One of the almost-inevitable aspects of the ex-pat life is that we sometimes travel back to Britain. We each have our favoured, or most convenient, way of doing it. If I am travelling alone, I get the wonderful one-euro bus from close to home, to Perpignan, and one of the smooth, spacious trains to Montpellier, from where I take a plane to Gatwick.
The train journey can be wonderful, and it was so, when I went that way before Christmas. It was a brilliantly sunny and windy day, quite blinding at times as the blazing light was reflected off the waves on all the étangs through which the railway wends its way. And all the way along, there were the usual birds, but in greater numbers than I had seen before. Many of them were quite close to the low embankment on which the train runs, enjoying its shelter, which meant that I saw them closer than I usually do. The train goes at quite a speed along this section, so I had fleeting views of an endless procession of flamingos, the pink showing clearly if they flew as the train approached, and the clean white of an equal number of egrets. Depending on exactly where we were, at times the background was a fairy-tale view of a lofty, snowy Canigou. In places, particularly in front of the bridge at Béziers, there were lots of gulls, equally vivid in the sun. On this day, the birds lit up the complex landscape of the étangs, marshes and old salt pans through which the line passes.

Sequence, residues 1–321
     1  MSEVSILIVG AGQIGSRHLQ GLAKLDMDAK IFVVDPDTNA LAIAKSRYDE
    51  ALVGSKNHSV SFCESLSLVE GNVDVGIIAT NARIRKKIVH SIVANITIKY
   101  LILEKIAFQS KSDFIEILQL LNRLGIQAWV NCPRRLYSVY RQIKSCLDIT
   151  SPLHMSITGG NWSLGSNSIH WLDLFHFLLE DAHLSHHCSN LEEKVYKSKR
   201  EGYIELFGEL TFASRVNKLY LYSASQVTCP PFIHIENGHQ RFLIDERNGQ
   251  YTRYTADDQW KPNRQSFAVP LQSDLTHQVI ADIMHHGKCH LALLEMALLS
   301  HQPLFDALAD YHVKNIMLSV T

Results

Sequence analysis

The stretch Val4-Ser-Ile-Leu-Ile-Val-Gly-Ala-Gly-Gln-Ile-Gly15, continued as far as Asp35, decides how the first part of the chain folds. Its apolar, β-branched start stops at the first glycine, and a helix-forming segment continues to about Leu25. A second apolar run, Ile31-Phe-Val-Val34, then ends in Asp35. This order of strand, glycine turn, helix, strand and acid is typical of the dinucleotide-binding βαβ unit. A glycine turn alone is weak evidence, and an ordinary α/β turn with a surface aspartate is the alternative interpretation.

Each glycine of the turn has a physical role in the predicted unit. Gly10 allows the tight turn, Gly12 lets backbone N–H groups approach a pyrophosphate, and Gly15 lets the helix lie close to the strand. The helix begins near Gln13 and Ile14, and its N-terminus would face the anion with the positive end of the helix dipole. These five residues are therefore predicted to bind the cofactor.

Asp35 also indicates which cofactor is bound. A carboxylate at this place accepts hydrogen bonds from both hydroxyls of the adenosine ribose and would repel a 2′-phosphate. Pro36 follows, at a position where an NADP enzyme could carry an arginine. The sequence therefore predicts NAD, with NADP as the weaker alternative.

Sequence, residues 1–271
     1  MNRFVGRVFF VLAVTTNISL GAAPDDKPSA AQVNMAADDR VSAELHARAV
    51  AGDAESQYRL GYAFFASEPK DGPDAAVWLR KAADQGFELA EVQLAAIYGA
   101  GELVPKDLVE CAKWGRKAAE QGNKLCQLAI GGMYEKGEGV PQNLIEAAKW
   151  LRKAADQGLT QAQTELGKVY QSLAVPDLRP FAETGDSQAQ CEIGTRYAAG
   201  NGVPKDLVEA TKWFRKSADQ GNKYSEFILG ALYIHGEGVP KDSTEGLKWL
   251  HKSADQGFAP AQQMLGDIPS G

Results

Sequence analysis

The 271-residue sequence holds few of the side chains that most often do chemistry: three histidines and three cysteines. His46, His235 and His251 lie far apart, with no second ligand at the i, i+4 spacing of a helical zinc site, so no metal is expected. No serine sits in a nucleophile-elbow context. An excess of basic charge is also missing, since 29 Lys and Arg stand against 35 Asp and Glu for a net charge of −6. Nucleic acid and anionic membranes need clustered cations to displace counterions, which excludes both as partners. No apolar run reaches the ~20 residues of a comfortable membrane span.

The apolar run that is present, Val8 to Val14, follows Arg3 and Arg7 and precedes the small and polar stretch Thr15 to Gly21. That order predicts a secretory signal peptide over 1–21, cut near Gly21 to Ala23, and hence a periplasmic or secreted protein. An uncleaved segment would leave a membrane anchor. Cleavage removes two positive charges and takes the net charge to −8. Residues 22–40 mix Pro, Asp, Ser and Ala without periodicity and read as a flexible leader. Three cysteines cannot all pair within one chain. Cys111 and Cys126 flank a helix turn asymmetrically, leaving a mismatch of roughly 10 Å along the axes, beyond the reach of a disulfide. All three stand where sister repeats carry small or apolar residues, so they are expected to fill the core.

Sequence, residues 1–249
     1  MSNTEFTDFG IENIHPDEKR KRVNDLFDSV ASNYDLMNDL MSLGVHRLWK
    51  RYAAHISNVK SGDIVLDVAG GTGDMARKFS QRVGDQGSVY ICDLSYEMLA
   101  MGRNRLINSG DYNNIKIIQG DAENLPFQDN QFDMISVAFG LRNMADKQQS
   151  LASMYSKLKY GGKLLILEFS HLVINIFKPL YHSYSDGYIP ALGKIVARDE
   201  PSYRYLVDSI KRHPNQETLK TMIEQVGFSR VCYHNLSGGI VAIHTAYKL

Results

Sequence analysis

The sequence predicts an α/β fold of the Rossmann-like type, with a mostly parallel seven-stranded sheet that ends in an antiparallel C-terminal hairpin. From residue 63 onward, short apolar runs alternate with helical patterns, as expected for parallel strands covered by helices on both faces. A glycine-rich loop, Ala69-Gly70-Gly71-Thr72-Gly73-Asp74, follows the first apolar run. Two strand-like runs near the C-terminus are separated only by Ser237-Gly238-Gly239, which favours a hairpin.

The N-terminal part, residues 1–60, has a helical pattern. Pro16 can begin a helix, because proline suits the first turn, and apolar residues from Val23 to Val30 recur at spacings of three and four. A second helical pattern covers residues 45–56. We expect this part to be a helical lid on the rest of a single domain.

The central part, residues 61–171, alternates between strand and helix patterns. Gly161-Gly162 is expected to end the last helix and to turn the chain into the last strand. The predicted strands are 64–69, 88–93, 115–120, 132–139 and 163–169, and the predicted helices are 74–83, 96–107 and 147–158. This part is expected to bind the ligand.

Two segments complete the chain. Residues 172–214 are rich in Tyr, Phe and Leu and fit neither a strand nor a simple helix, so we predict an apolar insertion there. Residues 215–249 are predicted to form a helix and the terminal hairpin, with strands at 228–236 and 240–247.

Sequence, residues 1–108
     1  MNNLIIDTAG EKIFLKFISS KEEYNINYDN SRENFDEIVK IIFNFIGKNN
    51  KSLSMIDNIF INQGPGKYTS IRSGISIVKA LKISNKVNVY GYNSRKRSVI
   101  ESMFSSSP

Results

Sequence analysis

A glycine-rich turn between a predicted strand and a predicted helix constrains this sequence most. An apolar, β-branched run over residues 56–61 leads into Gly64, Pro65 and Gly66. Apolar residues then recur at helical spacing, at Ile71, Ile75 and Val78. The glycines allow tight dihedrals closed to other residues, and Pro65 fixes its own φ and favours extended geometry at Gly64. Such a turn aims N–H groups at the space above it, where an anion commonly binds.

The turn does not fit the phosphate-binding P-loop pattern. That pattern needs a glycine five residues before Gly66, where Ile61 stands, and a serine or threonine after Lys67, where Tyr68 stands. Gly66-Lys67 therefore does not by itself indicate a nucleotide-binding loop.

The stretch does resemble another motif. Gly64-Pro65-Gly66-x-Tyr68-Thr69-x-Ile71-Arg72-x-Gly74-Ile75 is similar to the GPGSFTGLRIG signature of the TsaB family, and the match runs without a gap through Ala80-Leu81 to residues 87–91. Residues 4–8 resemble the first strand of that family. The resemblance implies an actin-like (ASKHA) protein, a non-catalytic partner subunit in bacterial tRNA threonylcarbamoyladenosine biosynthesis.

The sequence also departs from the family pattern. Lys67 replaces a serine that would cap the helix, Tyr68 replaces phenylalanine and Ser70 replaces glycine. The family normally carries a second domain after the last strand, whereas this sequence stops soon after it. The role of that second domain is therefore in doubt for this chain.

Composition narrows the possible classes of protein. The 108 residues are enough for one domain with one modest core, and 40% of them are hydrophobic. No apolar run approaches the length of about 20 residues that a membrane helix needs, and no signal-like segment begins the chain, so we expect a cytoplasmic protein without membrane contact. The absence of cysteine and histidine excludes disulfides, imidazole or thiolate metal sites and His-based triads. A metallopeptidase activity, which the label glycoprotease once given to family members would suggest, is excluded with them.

As world sea-levels rise, so, inevitably, must that of the Mediterranean, and the rich agricultural land, the vineyards and orchards that lie further west are fortunate in having this extensive and watery area as a barrier between them and the rising sea. In Britain, there are several places where farmland has been recently sacrificed to the sea, as marshes and pools dissipate the power of the rising seas and oceans much more effectively than solid barriers. (As British winters seem to be getting increasingly stormy, this will become more necessary with the passing of time:) And, as my recent journey proved, such areas are very beneficial to wildlife, too. My only worry is that one day the railway might get washed away!